I will give my personal assessment or view based on my experience at the OECD for the past four and a half years. This is due to the crisis and it is a political issue. The crisis has brought up the need for more transparency in governance all around the world. I remember the Irish Government was very active at that time, and still is, in fighting bank secrecy for tax purposes. That was the first layer of pressure.
We cannot buy out our financial industry - and I understand this is something that is very sensitive in Ireland - while this industry is facilitating tax fraud. In other words, we cannot put taxpayers' money on the table to buy out banks which facilitate tax evasion through their counterparts located in secretive jurisdictions. This triggered all the work, including that of the G20, on putting an end to bank secrecy for tax purposes.
Tax avoidance is the second layer. It is hard for elected governments across the world - and I am talking to politicians who understand these things better than I do - to explain to their people that they have to increase direct and indirect taxes. Over the past three years, VAT has increased in 25 out of 33 OECD member countries. The US does not have VAT. Personal income tax has increased almost everywhere. I understand that personal income tax has increased quite significantly in Ireland.
Therefore, governments have to explain to the public that they are cutting expenditure and increasing taxes. Meanwhile, media campaigns explain that some large, profitable multinationals have an effective tax rate which is dramatically different from the statutory tax rate of the countries where they operate. That includes Ireland where the corporation tax rate is 12.5% while the effective tax rate of some such companies is between 3% and 5%. Therefore there is a political problem because it is hard to explain that this is the unintended outcome of an outdated international tax architecture, which has facilitated double non-taxation.
Cuirim fáilte roimh an tUasal Saint-Amans. I welcome his contribution to the committee and particularly the last discussion about the justification, in the face of austerity, that multinational companies operating here and in other jurisdictions are paying a very low effective tax rate compared to the corporation tax rate we have set. As Mr. Saint-Amans has heard from other members of the committee, there has been much discussion on how Ireland's taxation policy facilitates multinational corporations accruing a low effective tax rate.
Mr. Saint-Amans mentioned earlier that Ireland is not a tax haven, which I agree with, under the OECD's criterion. However, is there any country in the world - currently using the same criteria - that is a tax haven?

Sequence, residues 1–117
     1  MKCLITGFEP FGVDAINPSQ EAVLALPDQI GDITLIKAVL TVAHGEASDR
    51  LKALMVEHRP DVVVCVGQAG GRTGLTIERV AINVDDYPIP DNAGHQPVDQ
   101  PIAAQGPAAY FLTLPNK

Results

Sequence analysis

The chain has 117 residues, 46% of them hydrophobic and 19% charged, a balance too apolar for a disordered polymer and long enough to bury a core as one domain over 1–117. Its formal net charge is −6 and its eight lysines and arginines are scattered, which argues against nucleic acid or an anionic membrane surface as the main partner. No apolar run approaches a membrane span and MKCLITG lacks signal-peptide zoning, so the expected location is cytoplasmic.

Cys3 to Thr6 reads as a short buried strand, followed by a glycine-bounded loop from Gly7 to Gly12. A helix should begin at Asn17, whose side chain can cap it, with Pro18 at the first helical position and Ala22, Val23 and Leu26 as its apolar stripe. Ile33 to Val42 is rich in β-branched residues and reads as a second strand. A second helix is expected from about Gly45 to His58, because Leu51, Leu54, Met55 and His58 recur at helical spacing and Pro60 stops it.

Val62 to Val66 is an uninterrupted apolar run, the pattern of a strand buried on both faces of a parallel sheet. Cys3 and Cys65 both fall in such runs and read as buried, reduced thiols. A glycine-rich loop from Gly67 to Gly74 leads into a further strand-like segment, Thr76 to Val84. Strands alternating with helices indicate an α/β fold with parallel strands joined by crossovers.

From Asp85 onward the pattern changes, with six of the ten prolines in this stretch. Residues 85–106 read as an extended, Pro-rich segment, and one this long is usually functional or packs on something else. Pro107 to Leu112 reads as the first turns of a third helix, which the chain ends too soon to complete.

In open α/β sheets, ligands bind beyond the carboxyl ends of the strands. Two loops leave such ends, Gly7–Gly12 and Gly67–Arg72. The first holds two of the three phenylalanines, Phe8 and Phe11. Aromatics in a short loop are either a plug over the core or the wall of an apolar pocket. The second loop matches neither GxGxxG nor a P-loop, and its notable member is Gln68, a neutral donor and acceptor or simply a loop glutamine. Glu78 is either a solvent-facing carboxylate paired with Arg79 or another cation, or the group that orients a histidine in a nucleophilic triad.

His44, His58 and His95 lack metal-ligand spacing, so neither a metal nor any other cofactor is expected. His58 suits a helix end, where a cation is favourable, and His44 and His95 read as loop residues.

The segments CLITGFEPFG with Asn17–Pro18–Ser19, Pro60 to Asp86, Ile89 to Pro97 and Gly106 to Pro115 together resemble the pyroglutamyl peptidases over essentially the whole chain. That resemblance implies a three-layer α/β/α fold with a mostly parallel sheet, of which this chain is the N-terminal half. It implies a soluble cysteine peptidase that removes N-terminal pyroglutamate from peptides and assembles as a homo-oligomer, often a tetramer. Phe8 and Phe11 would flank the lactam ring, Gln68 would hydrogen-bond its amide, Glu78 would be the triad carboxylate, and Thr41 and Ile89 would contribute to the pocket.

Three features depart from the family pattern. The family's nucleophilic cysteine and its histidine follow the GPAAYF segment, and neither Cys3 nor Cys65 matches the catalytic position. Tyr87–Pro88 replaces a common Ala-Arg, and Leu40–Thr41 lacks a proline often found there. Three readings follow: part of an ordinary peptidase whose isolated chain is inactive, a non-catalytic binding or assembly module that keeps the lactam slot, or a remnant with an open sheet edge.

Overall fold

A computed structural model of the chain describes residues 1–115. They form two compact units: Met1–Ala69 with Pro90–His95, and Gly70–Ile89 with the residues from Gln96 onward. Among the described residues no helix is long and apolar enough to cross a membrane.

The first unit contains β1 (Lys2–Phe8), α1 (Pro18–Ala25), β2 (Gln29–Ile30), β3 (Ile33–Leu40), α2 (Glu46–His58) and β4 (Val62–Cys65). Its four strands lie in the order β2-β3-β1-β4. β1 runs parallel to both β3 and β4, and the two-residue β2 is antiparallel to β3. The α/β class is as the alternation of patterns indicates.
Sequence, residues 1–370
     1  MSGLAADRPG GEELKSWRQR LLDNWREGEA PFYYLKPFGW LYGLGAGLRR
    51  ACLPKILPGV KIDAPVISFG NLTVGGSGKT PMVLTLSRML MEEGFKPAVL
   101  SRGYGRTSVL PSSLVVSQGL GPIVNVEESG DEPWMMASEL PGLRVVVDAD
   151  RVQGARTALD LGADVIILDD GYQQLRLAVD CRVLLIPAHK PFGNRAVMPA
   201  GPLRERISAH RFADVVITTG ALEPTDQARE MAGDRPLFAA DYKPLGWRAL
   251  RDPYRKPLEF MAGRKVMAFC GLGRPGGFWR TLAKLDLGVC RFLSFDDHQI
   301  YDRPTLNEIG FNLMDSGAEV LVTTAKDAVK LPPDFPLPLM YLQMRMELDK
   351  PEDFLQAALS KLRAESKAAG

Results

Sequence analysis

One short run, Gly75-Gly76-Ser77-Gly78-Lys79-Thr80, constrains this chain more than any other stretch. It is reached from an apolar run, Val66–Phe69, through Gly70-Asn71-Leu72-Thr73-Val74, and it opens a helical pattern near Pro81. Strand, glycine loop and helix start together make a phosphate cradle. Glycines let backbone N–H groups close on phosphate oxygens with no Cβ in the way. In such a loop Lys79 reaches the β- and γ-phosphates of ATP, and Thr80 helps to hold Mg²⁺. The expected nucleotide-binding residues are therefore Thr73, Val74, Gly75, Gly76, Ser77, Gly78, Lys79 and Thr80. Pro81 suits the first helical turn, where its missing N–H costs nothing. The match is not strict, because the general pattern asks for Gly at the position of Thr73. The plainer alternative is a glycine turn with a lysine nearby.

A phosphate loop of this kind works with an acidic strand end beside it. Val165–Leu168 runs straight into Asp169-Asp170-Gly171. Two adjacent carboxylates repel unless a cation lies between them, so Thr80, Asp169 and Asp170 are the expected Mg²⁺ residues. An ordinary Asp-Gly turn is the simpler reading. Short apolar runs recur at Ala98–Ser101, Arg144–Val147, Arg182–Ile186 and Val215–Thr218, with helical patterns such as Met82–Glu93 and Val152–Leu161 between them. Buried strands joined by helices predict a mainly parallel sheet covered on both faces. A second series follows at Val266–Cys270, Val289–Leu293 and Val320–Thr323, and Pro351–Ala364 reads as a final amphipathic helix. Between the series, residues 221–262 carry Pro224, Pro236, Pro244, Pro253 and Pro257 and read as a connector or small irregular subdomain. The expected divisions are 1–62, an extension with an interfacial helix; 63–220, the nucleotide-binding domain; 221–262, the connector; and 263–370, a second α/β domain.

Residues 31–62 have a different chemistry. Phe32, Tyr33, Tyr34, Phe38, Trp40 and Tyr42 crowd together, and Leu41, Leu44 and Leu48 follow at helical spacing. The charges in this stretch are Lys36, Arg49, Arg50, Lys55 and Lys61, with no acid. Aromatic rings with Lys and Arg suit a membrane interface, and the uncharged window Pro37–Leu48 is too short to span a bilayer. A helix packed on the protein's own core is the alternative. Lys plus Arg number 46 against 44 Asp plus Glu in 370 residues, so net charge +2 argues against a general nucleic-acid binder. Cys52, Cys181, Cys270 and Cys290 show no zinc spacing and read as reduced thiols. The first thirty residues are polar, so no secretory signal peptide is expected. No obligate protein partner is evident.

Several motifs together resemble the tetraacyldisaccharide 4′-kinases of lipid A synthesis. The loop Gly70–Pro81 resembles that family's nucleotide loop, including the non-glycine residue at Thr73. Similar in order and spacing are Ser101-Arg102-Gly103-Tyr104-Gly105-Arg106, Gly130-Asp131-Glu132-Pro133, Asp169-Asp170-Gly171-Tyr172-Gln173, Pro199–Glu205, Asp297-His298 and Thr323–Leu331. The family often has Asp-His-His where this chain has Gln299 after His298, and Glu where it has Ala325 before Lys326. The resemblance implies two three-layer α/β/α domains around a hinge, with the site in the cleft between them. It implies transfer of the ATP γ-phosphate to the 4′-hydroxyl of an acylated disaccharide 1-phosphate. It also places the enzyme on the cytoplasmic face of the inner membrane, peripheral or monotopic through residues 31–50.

Mr. Pascal Saint-Amans:
As I indicated, the definition of a tax haven was elaborated in 1998 in a context where a large number of jurisdictions were attached to strict bank secrecy. The definition therefore focused on these aspects with no exchange of information and no transparency. Since 2008, major progress has been made in this domain with almost all jurisdictions now not only having committed to, but also having implemented, the standards on transparency and exchange of information. That would explain why the response to the Deputy's question is that we probably do not have many jurisdictions left, if any, which meet the definition of a tax haven.
That said, I think the definition is still relevant. The two other aspects are no tax and no real business activity. If one puts aside the lack of transparency, there are a large number of jurisdictions meeting these criteria. This is not the comprehensive definition of what a tax haven is. However, there is no doubt Ireland is transparent and it is at the forefront of the fight for transparency. I understand that Ireland has taxation and attracts real business activity. It is very far from the definition of a tax haven.
A country must meet all five criteria of the definition to be a tax haven. For clarity, the OECD, Organisation for Economic Co-operation and Development, does not see any jurisdiction in the world as a tax haven. The reason I make this point is that the accusation made by the US Senate committee was that we share the space with Bermuda and the Cayman Islands. One of those jurisdictions has over 150,000 registered companies at one address. We also know the US has over 200,000 companies at the one address. Sometimes one has the pot calling the kettle black.
The definition of a tax haven is outdated. We have seen multinational companies change but the OECD has not. In the US Senate Committee there has been a focus on one multinational company operating in this jurisdiction. The report correctly identified the discrepancy between domestic law here and in the United States. What effect would the implementation of the recommendations have on that Irish incorporated multinational company which is a non-tax resident both here and in the United States? It has not paid any tax on income of €70 billion over the past three years.
This report has happened as a result of political pressure within certain member states which were going to go alone which could have created double taxation issues. In the event of no consensus on these issues being reached, is it possible for Ireland to take on some of these issues on its own? For example, in 1998, the Department of Finance looked at a report on incorporated multinational companies which were not controlled here and were, accordingly non-tax resident, but deemed them automatically to be due to their incorporation to be tax resident here if they had no other interest in the State. This change was made to the Finance Act 15 years ago which exempted multinational companies referred to at the United States Senate hearings. Could we go it alone and make a company not paying tax in any jurisdiction but which is incorporated here a tax resident?
Mr. Pascal Saint-Amans: